[4/25/17] Mexico has surpassed 2,000 homicides in a month for the first time since the summer of 2011 and had more killings in the first quarter of 2017 than in the start of any year in at least two decades, according to data released Friday.
Unlike 2011, when bloody cartel clashes in Ciudad Juarez drove the national toll to new heights, the killings pushing the 2017 total have been spread across a number of states. Authorities attribute them to vicious turf battles resulting from breakdowns in the leadership of some cartels and the splintering of others into smaller gangs.
The southern state of Guerrero, where Acapulco is located, continues to be the homicide leader, with 550 during the first three months of the year.
But Baja California Sur with 133 slayings during the first quarter had the largest year-on-year percentage increase, skyrocketing 682 percent from the 17 homicides it had during the same period in 2016. A territorial dispute between the Sinaloa and Jalisco New Generation cartels is believed to be driving much of the violence in the southern part of the peninsula popular with foreign tourists.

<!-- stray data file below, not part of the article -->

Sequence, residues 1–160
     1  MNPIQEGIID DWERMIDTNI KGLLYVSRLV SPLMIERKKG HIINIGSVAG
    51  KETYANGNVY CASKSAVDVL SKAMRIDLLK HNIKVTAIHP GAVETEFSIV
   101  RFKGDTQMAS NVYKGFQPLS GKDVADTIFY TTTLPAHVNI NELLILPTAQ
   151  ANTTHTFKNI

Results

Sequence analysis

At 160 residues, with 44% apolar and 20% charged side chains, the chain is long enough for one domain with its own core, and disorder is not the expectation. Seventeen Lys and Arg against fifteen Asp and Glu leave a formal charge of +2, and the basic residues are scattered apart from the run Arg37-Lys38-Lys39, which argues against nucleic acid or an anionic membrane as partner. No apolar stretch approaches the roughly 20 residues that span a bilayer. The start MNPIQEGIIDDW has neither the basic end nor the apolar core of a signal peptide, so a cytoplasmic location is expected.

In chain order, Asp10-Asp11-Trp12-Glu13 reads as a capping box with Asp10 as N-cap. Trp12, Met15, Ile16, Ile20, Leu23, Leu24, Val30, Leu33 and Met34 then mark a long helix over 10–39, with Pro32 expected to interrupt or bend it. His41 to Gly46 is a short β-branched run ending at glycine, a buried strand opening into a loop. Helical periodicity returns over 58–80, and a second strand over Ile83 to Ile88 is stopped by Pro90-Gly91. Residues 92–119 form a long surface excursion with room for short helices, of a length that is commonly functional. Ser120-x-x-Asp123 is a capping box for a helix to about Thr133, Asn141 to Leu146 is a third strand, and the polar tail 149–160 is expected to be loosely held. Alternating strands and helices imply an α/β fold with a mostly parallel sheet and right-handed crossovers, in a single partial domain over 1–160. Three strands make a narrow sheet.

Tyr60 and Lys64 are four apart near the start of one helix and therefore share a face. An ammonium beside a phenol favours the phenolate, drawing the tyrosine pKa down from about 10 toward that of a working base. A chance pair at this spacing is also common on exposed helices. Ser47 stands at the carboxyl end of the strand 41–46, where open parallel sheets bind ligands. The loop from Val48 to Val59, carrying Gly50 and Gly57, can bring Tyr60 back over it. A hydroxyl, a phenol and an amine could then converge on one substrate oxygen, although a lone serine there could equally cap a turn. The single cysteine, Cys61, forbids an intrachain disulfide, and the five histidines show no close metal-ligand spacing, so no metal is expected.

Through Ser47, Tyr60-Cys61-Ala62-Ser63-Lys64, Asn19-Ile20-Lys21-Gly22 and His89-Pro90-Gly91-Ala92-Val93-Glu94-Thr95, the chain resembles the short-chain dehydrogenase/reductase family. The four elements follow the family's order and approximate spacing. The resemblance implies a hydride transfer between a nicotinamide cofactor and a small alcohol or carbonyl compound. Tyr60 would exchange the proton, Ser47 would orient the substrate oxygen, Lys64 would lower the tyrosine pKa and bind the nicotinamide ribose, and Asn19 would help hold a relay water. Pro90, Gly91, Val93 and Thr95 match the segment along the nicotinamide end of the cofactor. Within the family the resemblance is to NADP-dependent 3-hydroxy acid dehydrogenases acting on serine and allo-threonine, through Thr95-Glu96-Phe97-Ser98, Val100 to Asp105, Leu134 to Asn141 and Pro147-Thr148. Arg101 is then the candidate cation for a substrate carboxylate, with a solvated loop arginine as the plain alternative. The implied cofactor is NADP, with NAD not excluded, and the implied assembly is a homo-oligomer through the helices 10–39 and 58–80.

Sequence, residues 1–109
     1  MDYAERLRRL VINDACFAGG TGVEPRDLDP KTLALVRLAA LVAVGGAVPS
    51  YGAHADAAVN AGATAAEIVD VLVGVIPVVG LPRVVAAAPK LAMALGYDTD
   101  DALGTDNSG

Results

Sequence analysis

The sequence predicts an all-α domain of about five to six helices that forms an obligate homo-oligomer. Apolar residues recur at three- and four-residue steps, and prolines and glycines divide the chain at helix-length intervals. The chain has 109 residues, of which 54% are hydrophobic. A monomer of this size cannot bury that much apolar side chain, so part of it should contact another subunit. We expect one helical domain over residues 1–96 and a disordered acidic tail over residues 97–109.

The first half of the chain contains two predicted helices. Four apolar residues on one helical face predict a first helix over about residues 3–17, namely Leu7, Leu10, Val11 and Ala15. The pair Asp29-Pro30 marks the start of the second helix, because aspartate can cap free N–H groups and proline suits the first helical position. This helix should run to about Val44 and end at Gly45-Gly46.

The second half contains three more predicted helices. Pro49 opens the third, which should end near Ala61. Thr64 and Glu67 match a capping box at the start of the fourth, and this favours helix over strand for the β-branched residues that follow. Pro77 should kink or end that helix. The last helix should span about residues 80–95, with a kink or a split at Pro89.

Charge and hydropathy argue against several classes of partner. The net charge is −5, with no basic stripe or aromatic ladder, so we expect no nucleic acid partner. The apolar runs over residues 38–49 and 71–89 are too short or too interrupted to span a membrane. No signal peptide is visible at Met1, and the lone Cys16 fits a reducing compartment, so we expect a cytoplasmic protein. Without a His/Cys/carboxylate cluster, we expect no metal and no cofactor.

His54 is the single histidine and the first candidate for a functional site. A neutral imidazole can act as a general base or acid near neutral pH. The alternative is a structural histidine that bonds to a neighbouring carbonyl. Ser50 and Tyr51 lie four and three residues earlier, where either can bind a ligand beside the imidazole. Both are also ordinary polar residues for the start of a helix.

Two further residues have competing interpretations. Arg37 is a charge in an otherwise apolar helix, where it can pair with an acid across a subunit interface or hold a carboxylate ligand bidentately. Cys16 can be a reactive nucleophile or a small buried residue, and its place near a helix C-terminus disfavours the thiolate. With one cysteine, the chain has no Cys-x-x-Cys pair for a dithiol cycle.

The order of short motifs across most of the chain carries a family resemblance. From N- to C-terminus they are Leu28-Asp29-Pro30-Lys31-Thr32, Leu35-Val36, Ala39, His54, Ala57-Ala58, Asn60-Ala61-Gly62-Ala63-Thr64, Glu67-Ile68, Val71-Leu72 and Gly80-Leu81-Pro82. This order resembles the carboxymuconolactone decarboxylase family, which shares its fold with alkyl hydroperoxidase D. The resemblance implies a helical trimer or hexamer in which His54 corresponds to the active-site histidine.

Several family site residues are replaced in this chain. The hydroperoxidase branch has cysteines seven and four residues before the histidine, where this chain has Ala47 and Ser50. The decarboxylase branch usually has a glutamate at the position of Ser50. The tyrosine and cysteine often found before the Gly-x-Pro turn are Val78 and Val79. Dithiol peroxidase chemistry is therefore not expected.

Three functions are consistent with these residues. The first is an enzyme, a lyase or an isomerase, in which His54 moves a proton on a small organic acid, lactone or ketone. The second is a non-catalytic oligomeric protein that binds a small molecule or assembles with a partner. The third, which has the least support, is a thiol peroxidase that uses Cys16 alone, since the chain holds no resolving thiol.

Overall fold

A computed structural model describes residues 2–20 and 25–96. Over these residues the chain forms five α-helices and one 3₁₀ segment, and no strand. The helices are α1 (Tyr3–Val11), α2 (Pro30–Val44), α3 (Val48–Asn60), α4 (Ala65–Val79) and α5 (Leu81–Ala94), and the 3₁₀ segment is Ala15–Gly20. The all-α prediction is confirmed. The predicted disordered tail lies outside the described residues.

Nationally, there were 2,020 homicides in March, up about 11 percent from February. For January through March, the national total was 5,775 killings, up 29 percent from the same three months last year.
Pioquinto Damian Huato, a business leader in the Guerrero state capital of Chilpancingo, led an anti-crime crusade until an attempt was made on his life that resulted in the death of his daughter-in-law in 2014.